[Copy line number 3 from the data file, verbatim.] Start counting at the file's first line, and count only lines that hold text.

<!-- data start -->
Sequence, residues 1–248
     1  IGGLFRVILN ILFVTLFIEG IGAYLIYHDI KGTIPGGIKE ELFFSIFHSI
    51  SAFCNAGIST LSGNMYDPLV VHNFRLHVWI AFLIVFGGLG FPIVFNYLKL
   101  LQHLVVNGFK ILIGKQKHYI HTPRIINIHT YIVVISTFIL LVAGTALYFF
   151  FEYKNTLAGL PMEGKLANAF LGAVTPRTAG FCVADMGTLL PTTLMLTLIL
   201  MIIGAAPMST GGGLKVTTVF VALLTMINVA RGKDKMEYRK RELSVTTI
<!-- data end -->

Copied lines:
    51  SAFCNAGIST LSGNMYDPLV VHNFRLHVWI AFLIVFGGLG FPIVFNYLKL